“What are the major challenges to biodiversity conservation over the next 5 to 10 years and beyond and what might be the most significant opportunities for philanthropic impact?”
It has the official title: “A National Conversation and Survey on Philanthropic Investment Opportunities for Biodiversity and Wildlife Habitat Conservation.”
Put in your 10 cents: Visit the Keystone website to participate in the survey and to tell the Foundation how you’d like them to invest/spend their money.
Note that the survey has quite a few open-answer questions, so allot some time to this, if you want to participate. The survey is only open until April, so time is running out!
File this under “More depressing confirmation of what we already suspected”:
O.R. W. Pergams and P. A. Zaradic. 2008. Evidence for a fundamental and pervasive shift away from nature-based recreation. Proc. Natl. Acad. Sci. USA, 10.1073/pnas.0709893105.
In this paper they compare the US, Japan, and Spain across a wide variety of environmental recreation variables. This work stems from earlier research (see below) investing decreases of US National Park visits of up to 25% since 1990.
“all major lines of evidence point to an ongoing and fundamental shift away from nature-based recreation.”
Now, I know, correlation isn’t the strongest of analyses. But when you combine it with a multi-factorial linear regression, it is pretty compelling–especially when it confirms something I think a lot of us have long suspected.
This is actually just the latest work by these authors, on the same topic; I liked their earlier paper a lot better, simply because the scope was smaller. I’ll let this excerpt from the abstract explain what they found:
Is love of nature in the US becoming love of electronic media? 16-year downtrend in national park visits explained by watching movies, playing video games, internet use, and oil price. Journal of Environmental Management 2006. 80:387-393.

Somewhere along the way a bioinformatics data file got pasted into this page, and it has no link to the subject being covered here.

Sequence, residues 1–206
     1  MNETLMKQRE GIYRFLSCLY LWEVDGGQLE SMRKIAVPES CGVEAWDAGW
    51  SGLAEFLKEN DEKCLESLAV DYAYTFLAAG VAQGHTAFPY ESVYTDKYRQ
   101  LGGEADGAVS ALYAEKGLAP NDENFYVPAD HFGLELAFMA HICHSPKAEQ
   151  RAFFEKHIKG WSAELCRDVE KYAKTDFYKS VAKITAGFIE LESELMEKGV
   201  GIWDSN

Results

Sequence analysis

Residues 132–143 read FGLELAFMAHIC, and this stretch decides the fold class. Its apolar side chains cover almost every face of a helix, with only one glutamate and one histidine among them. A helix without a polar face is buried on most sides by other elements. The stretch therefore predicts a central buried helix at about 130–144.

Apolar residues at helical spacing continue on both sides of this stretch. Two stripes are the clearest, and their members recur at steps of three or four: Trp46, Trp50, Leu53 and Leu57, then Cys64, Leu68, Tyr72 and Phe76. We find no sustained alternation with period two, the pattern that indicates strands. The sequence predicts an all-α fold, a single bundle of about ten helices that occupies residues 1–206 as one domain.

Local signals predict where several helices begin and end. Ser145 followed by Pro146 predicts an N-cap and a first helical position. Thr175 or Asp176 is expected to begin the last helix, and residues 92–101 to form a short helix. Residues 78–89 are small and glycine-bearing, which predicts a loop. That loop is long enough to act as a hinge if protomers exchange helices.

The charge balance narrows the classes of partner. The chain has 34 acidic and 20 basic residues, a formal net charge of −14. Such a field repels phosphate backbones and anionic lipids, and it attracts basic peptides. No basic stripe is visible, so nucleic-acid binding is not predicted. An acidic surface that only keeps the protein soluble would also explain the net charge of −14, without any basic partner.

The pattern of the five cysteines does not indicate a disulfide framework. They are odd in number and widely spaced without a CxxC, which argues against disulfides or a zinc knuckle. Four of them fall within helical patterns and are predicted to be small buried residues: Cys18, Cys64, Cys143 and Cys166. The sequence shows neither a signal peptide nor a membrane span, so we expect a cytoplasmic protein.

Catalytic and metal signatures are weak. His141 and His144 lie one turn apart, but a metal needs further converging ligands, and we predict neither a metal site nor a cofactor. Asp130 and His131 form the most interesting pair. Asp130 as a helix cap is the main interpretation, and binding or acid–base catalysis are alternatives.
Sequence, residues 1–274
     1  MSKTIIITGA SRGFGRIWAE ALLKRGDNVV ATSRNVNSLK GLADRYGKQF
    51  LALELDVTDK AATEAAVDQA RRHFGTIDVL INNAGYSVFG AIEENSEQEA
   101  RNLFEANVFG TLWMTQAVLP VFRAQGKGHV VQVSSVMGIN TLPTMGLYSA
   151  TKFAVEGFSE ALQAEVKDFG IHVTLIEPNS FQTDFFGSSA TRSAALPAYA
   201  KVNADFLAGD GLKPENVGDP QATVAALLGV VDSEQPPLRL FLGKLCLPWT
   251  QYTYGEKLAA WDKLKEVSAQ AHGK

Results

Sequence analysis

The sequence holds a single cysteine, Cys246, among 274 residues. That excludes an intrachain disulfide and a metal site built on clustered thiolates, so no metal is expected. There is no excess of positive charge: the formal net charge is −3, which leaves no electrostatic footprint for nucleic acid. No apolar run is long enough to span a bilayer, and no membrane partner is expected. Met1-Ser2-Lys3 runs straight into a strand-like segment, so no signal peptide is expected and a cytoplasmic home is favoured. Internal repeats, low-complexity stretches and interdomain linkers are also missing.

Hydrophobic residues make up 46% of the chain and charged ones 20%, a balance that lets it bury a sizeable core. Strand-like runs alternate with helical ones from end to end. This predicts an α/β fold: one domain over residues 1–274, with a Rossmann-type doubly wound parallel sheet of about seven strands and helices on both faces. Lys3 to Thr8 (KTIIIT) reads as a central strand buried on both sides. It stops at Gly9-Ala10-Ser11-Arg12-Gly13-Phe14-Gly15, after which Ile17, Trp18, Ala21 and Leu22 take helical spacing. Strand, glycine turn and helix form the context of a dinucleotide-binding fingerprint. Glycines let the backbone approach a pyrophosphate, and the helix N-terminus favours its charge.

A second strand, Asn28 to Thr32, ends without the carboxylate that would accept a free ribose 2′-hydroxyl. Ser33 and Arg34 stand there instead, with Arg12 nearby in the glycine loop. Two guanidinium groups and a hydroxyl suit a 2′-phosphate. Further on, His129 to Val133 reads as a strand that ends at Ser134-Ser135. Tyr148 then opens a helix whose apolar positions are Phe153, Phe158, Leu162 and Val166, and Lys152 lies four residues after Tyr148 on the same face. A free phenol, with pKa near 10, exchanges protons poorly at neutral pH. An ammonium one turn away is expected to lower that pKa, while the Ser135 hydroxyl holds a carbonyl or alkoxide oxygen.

“Spearman correlation analyses found this decline in NPV [bg-national park visits] to be significantly negatively correlated with several electronic entertainment indicators: hours of television, (P<0.001), video games (P<0.001), home movies (P<0.001), theatre attendance (P<0.025) and internet use (P<0.001)….
Multiple linear regression of four of the entertainment media variables as well as oil prices explains 97.5% of this recent decline. We may be seeing evidence of a fundamental shift away from people’s appreciation of nature (biophilia, Wilson 1984) to ‘videophilia,’ which we here define as “the new human tendency to focus on sedentary activities involving electronic media.” Such a shift would not bode well for the future of biodiversity conservation.”
They also have a review paper:
Videophilia: Implications for Childhood Development and Conservation. Journal of Developmental Processes 2007. 2(1): 130-144. (PDF version of paper)
So there you have it–the internet did kill nature. I guess it’s a bad sign that these papers made me depressed and that I wanted to stay in bed and eat chocolate.